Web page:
Depending on which hospital you go to for your low-risk surgical procedure, you may be 2.4 times more or less likely to be sent for unnecessary blood tests. This is among the findings of a study conducted by researchers from the Institute of Clinical Evaluative Sciences (ICES) and the Women's College Hospital Institute for Health Systems Solutions and Virtual Care (WIHV).
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Providers See Only Minor Productivity Declines After ICD-10 Implementation
HealthLeaders Media (02/05/16) Andrews, Steven

A decrease in staff productivity has been the top challenge for providers after ICD-10 was implemented, but relatively few organizations have seen a significant decrease in productivity, according to a recent survey from Navicure. Despite nearly half of the participants (48 percent) noting a productivity decline as the top issue, only 13 percent of administrative staff and 15 percent of clinical staff saw a significant decrease. Another 46 percent of administrative staff and 42 percent of clinical staff didn't see much of an impact, and the remaining respondents saw a minor impact or didn't know of one. The survey included 360 participants representing a broad range of specialties and sizes, with 60 percent from organizations with one to 10 providers.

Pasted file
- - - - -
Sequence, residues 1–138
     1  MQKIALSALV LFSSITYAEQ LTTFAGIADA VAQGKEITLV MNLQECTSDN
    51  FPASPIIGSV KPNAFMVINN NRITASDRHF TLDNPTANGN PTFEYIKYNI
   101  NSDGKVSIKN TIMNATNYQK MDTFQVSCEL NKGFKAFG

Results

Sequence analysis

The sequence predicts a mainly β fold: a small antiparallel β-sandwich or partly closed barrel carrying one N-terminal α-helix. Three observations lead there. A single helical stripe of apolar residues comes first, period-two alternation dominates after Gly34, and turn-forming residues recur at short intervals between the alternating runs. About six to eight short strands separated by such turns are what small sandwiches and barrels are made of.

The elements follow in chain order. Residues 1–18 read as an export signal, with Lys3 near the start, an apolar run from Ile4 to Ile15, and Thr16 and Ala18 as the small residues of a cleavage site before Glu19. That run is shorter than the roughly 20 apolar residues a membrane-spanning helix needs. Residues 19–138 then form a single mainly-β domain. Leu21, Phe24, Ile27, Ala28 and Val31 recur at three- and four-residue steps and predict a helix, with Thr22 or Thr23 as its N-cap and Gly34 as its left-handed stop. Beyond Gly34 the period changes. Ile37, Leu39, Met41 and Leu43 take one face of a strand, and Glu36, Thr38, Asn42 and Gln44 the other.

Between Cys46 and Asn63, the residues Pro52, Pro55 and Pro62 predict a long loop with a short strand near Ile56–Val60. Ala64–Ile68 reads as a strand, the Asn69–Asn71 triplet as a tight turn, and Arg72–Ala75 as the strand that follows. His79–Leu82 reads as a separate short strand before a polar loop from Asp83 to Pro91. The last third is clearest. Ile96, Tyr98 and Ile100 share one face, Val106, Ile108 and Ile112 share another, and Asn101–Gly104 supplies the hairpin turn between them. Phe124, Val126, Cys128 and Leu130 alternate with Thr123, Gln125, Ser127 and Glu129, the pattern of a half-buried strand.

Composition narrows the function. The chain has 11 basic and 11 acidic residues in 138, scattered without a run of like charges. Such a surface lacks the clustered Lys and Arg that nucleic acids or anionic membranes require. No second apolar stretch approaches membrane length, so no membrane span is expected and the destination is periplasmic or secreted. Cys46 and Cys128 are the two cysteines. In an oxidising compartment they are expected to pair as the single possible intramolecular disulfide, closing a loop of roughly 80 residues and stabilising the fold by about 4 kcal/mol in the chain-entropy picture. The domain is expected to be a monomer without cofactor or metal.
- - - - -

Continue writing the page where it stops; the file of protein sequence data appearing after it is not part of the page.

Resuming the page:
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Can Virtual Reality Be the Next Thing in Curing Blindness?
Bloomberg (01/19/16) Harvey, Christine

What affects 20 million people, robs the global economy of billions of dollars and can be fixed with a five-minute procedure? The answer is cataract blindness.